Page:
Description of Rock Ptarmigan:

Rock Ptarmigan

Rock Ptarmigan

Rock Ptarmigan - By Jan Frode Haugseth (Own work) [CC BY-SA 3.0 (http://creativecommons.org/licenses/by-sa/3.0) or GFDL (http://www.gnu.org/copyleft/fdl.html)], via Wikimedia Commons

This is a small bird that lives on the ground and is very similar to the Willow ptarmigan. The difference lies not only its range but also in the fact that the Willow Ptarmigan is about 10% larger in size. The Rock Ptarmigan also has a browner summer plumage, and a thinner bill. Also, the male Rock Ptarmigan has a black stripe between its eyes and bill where the Willow does not.

This bird has an overall length that ranges from 13 to 15 inches (33 to 38 cm.) long, a wingspan of 21 to 24 inches (54 to 60 cm.) across, a tail that is about 3.1 ins. (8 cm) long, and they have a body mass of 0.94 lbs. (0.425 kg.).

Both sexes on the surface are much the same especially in the winter when they are both pure white except for their black tail. Its feet and legs are short and covered with feathers in order to help conserve heat and aid them in walking on the snow.

Males change into their summer plumage later than females do so that they can retain their winter plumage for the mating season. This late change of plumage does however make the male more susceptible to aviator predation.

In summer plumage, both sexes have brown and black barred colouring. None of which can be used for identification purposes.

The male has a red wattle over its eye and is a little larger than the female.

In the fall the males change again and their upper parts become a greyish colour along with white wings and under parts.

Not much is known about the life expectancy of the rock ptarmigan and there is no apparent data available.

Diet and Foraging Strategy of the Rock Ptarmigan:

Winter

In the winter they forage on buds and catkins of the Dwarf Birch. This is mainly because the birch is the only plant species that may sticking out of the snow. Also, birch buds are smaller and easier for the Rock Ptarmigan to handle. Rock Ptarmigan are good at digging in shallow snow for vegetation that lies underneath. They also recognize and take advantage of feeding craters that are made by caribou, muskoxen, and arctic hares. 

Spring

The following chart shows they consume a lot of buds, berries and leaves.

Early Summer

Their early summer diet switches heavily onto leaves followed by buds and berries.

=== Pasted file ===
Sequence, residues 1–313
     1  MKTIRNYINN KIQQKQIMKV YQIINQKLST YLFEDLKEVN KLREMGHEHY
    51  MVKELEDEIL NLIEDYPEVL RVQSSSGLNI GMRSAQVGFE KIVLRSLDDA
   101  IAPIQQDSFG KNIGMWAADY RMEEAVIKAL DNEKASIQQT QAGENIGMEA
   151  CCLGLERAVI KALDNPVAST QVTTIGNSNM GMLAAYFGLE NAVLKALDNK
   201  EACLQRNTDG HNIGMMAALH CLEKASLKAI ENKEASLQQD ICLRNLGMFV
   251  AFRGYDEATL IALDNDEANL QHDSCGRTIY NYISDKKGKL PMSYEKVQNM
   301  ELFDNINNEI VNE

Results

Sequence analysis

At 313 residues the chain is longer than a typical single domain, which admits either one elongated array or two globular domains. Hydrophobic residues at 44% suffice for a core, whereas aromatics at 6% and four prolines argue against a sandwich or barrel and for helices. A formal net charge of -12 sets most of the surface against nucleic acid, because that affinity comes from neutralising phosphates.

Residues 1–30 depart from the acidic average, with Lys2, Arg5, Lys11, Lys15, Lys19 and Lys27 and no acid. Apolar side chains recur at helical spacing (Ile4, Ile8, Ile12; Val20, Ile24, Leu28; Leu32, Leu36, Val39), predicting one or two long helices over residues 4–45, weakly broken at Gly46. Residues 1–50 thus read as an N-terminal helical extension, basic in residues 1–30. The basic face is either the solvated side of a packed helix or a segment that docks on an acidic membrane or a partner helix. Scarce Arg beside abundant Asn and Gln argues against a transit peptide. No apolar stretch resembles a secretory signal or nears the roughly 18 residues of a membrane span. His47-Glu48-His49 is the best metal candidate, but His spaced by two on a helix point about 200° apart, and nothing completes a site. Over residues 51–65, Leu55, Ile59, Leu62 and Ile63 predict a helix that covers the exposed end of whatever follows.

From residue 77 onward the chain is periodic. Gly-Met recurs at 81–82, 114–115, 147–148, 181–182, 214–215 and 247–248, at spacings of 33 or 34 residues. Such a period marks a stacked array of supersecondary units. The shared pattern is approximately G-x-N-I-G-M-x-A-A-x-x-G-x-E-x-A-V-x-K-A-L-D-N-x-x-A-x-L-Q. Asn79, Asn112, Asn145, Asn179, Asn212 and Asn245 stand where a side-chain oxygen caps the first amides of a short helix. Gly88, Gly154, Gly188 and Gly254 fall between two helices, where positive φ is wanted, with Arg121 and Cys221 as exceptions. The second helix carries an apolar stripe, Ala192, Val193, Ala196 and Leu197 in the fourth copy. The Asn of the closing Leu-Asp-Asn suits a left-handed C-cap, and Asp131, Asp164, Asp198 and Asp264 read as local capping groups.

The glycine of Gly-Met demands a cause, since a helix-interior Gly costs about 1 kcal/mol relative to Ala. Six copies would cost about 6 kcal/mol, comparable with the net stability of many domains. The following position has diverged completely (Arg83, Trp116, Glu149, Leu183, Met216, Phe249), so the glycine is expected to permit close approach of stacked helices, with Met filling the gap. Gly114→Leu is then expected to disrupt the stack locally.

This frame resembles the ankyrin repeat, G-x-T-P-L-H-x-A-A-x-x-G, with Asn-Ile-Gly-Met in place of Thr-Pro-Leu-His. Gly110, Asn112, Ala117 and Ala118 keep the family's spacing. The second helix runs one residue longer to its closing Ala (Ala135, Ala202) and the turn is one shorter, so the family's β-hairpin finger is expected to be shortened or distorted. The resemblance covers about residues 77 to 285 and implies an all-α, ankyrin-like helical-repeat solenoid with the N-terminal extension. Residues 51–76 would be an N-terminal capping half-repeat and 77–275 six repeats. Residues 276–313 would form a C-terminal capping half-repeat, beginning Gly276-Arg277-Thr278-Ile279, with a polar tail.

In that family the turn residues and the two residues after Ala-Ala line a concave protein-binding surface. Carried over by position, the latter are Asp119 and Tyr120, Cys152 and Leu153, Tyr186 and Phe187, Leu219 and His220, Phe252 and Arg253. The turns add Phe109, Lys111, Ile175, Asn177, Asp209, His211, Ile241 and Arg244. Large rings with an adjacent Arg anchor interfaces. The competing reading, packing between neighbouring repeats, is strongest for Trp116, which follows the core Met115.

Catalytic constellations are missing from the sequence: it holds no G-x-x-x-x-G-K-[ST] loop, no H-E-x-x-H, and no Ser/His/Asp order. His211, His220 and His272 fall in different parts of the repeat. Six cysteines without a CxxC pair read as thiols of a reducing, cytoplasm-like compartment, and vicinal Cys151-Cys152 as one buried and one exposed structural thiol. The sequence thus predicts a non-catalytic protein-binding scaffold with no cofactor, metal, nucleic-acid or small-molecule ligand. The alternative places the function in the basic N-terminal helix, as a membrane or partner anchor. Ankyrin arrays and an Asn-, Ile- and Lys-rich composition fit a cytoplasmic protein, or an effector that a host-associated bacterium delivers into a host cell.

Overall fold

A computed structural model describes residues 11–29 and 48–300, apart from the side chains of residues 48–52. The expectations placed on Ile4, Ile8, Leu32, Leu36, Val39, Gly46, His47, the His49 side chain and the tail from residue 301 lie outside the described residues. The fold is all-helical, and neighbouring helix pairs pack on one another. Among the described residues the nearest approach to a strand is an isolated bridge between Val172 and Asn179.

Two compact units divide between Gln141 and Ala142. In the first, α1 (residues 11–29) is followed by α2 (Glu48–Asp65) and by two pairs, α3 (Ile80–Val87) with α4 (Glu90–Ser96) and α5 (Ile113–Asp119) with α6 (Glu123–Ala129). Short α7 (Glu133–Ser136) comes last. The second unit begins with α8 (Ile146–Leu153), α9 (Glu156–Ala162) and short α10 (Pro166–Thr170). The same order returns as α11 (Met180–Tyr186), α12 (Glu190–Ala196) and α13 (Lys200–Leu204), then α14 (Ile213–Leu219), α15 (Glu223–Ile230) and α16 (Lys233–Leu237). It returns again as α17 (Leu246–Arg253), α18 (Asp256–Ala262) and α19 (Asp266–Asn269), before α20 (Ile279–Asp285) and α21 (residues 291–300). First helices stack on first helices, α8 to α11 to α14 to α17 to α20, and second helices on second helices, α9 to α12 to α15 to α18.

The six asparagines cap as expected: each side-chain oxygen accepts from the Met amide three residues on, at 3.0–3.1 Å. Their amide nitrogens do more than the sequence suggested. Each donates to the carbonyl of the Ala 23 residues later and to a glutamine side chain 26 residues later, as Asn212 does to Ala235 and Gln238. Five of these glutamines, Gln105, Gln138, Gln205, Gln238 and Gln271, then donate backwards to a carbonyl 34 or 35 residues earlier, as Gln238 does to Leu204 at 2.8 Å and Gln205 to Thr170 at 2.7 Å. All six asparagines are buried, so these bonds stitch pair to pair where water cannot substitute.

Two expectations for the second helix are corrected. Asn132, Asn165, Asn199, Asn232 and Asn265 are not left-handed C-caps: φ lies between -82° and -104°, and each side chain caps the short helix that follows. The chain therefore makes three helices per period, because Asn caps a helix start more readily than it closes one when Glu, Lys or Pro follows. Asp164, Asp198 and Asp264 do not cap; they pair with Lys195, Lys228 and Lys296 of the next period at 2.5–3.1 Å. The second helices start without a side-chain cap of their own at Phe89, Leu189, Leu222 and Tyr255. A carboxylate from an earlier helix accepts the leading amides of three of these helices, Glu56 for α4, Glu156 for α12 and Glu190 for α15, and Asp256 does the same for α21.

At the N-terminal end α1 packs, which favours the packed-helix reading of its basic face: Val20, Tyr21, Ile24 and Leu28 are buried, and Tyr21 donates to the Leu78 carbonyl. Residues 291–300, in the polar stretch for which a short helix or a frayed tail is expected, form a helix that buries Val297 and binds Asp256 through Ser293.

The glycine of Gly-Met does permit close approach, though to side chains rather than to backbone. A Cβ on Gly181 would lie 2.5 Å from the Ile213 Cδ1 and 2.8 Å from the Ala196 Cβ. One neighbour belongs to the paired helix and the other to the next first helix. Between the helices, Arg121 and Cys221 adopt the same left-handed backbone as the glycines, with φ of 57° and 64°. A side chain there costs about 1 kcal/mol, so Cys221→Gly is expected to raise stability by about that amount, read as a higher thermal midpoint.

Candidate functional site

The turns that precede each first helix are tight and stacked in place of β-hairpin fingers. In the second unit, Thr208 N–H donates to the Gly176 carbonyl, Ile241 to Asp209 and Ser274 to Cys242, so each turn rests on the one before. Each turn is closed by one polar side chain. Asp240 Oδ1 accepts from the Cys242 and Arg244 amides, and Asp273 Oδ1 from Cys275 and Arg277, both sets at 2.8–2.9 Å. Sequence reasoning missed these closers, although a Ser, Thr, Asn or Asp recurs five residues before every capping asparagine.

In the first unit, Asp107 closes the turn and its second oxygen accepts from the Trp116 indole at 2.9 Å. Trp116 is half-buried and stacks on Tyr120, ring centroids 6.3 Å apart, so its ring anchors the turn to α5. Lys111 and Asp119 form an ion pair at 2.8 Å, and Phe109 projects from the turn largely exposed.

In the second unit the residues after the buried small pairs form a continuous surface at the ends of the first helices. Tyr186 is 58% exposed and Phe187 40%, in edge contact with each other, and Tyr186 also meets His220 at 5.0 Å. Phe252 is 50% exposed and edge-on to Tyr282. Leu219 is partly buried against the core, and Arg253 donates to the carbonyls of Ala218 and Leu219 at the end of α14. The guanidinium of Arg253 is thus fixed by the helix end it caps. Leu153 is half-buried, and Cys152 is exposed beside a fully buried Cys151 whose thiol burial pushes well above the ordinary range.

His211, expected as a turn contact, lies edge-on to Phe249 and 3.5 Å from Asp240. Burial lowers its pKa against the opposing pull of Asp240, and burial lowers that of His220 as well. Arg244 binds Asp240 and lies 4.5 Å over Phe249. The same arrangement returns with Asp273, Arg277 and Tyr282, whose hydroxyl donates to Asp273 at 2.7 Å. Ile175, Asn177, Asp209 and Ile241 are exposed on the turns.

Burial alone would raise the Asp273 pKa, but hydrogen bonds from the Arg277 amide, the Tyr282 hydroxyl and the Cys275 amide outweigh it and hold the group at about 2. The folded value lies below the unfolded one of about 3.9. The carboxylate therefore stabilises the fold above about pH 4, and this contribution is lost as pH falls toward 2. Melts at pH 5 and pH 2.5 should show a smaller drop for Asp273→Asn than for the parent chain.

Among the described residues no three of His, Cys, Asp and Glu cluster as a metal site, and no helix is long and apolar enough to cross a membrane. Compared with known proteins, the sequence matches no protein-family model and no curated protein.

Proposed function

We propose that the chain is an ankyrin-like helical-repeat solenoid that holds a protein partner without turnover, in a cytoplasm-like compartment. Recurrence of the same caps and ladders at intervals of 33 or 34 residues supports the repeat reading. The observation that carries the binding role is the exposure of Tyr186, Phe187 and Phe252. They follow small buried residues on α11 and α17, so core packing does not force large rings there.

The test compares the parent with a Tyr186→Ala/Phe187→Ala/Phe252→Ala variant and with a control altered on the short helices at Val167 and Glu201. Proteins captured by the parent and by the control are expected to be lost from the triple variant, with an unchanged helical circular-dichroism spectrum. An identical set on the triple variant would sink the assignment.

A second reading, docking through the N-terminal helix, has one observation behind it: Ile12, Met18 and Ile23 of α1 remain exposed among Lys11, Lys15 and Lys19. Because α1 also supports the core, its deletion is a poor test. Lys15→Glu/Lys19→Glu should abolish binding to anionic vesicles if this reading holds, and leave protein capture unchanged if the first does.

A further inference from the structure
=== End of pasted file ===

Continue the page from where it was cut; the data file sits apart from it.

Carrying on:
Late Summer

Berries come to the top of the list here and there is a drastic drop in the amount of leaves from the early summer. Note that buds, bulbils, and catkins have also dropped in quantity but insects at this time have jumped.

Autumn

They start to transition back to their winter diet by consuming, buds, bulbils, catkins and berries.

Chicks

Chicks has its own grouping because their diet seems to be unique. Note that buds, bulbils, catkins make up 50% of their diet. Then followed by berries, leaves, seeds, snails and insects. This data does however conflict with a lot of other reports that state insects to be the mainstay of the chicks diet. Adults are almost exlusive vegetarians, but young chicks feed heavily on insects, spiders, and snails.(Johnsgard, 1973; Kaufman, 1996; Weeden, 1995)

 

Plant Part Winter Spring Early Summer Early Summer (chicks) Late Summer Autumn
Berries 3% 37% 11% 16% 38% 25%
Buds, bulbils, catkins 96% 43% 33% 50% 14% 63%
flowers   1% 3%      
Insects       4% 13%  
Leaves   13% 50% 14% 20% 4%
Moss       2%    
Seeds       9% 8% 4%
Snails       4% 3%  
Data compiled by Canada-Hunts.ca from data by: Ptarmigan Foods in Alaska - https://sora.unm.edu/

 

Food Item Plant Part Winter Spring Early Summer Early Summer (chicks) Late Summer Autumn
Birch catkins, buds 86% 31% 6%   13% 51%
bog blueberry Berries 2% 11% 1% 4% 9% 13%
crowberry Berries   16% 2% 6% 25% 10%
partridgeberry Berries 1% 10% 8% 6% 3% 2%
mountain avens Leaves   11% 13% 2% 6% 3%
Arctic Willow Buds, twigs 6% 12% 13%     10%
Seges seeds       9% 4% 4%
alpine bistort bulbils     14% 47% 1% 2%